Blockbuster’s Total Access subscription service—their bid for relevance in the Netflix era—used to ship the next movie in your queue as soon as you dropped it off at a Blockbuster store in exchange for a free rental. Now the next movie won’t ship until you return that free store rental—in other words, now it will count as the next movie in your queue. Of course, in Blockbuster marketing-speak, that’s considered a great new benefit.
Running Low On In-Store Exchanges Under Your Total Access Plan? Try Visiting A Different Blockbuster Location
Hacking Netflix reports that many Blockbuster locations don’t use a centralized network to keep tabs on Total Access usage. The tip was originally reported by Kevin Tostado, who took down his post after a ball-busting conversation with Blockbuster in which they asked him to cease and desist. Fortunately, Google’s marvelously efficient spiders reached Kevin’s site before Blockbuster and preserved the post.
I responded by immediately canceling my account – I gave them the benefit of a doubt the first time, but this is too much.
Looks like in addition to bad service Blockbuster wants another 2 bucks per customer who were grandfathered in by the old pricing system.
Can someone tell us what the hell is going on with Blockbuster? Some readers are writing in saying that they’re being allowed to keep their plan but are warned that if they change it they’ll be kicked off and charged more. Other readers are saying that their plan has been completely canceled and they have to choose another one. Still other people are on the same plan but now are not receiving coupons. We’ve gotten about 20 emails about this issue, but are at a loss to understand it.
Netflix has reduced the cost of its 2-DVD plan by $1 to $13.99, matching a move made by Blockbuster earlier this month. Blockbuster had expected to be dancing triumphantly atop the battered and bankrupt corpse of its rival by now, but Netflix’s staying power is causing Blockbuster to re-think its strategy. By the end of the year, Blockbuster will raise the price of its Total Access service, which allows subscribers access to its retail locations.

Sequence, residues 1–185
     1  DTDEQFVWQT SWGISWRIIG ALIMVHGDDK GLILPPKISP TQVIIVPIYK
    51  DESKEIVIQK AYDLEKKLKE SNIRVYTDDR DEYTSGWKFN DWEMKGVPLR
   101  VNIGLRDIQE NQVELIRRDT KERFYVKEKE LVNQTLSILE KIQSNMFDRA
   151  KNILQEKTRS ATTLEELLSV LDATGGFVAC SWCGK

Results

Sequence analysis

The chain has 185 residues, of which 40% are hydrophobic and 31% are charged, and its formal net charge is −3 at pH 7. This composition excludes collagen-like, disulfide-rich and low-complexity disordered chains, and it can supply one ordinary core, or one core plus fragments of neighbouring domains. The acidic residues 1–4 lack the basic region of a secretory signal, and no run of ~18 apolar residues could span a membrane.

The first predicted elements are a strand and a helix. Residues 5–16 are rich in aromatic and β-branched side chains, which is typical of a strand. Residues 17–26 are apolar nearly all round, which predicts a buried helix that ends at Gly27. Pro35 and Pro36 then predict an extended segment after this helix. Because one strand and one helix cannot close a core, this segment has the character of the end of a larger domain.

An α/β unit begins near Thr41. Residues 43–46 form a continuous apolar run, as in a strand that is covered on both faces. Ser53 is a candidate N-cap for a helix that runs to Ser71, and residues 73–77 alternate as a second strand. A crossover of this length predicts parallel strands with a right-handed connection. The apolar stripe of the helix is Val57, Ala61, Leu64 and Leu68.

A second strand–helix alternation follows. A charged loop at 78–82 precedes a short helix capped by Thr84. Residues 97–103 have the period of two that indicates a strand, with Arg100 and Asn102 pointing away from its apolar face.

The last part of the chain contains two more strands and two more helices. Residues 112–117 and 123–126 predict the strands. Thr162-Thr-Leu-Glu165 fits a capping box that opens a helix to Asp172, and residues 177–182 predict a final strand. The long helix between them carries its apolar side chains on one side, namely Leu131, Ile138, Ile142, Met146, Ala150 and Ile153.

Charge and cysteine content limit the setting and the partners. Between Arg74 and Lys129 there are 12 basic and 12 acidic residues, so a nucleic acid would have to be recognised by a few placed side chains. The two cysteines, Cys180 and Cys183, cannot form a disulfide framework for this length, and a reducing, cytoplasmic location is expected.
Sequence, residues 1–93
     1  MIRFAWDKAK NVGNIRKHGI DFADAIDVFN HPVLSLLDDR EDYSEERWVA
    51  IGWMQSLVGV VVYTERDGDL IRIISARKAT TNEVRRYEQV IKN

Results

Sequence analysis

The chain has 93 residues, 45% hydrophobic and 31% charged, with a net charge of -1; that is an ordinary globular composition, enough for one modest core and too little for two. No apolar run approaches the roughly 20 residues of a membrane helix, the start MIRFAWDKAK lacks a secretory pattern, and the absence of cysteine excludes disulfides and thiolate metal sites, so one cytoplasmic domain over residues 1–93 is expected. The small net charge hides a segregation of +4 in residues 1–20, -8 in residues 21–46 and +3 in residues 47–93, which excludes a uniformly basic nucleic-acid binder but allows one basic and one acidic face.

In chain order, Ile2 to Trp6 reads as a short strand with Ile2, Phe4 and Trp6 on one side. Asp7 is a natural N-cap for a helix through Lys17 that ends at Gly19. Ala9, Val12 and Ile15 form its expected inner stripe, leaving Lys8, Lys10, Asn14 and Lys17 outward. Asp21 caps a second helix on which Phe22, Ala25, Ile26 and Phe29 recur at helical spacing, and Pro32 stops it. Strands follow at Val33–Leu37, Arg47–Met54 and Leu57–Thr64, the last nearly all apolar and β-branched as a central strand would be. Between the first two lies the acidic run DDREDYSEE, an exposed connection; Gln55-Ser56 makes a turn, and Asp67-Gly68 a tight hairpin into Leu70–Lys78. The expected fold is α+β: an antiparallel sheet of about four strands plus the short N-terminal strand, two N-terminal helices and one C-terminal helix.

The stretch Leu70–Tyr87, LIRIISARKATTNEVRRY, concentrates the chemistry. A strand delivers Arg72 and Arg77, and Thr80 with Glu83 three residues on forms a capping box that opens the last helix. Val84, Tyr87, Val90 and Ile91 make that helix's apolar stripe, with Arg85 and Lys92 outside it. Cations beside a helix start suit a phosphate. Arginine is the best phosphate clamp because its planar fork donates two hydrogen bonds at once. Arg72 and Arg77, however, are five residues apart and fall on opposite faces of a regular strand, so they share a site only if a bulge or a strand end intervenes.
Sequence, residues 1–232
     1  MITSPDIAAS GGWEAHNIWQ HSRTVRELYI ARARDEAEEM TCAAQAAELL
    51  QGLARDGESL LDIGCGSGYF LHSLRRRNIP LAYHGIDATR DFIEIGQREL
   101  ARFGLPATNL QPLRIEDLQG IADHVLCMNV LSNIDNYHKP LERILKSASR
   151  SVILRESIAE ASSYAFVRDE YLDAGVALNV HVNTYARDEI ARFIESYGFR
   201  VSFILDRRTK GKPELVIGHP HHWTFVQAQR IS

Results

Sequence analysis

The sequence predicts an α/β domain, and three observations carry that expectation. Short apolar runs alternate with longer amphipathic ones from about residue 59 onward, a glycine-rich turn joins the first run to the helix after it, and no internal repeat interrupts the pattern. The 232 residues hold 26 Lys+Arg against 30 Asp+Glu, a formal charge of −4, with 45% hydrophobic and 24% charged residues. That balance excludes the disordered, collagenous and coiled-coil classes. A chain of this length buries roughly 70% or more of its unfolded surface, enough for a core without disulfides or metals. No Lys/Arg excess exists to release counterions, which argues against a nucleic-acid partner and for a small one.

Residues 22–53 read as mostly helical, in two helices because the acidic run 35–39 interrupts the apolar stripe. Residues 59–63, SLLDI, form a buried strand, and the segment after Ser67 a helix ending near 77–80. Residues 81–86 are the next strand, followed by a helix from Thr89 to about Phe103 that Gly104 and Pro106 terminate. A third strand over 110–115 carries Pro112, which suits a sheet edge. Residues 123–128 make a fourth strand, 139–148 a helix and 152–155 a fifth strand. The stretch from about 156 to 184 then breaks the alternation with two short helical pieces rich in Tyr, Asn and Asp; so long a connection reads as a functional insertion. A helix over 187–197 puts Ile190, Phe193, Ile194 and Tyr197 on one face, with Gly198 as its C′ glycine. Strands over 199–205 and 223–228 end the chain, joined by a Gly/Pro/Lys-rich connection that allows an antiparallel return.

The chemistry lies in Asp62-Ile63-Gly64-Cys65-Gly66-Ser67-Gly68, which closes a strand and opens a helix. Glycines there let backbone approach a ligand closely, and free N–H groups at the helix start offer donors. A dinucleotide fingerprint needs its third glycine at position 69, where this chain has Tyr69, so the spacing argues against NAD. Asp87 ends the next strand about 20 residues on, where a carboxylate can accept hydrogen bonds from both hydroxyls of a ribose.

The company said in the filing that it planned to modify its popular Total Access plan before the end of the year to “strike the appropriate balance between continued subscriber growth and enhanced profitability.”
Netflix’s email to subscribers, after the jump:
Blockbuster may soon levy a $4-$6 surcharge for Total Access. By allowing DVDs to be exchanged as free in-store rentals, Total Access dangles a potential workout before couch-potatoes who would otherwise return DVDs exclusively by mail. Blockbuster is quietly circulating a survey to gauge potential outrage to a price hike.
One of the ideas is to offer Mail-Only plans, which would allow members to receive and return DVDs only by mail, without the option to return them at a Blockbuster store and exchange them for free in-store DVDs.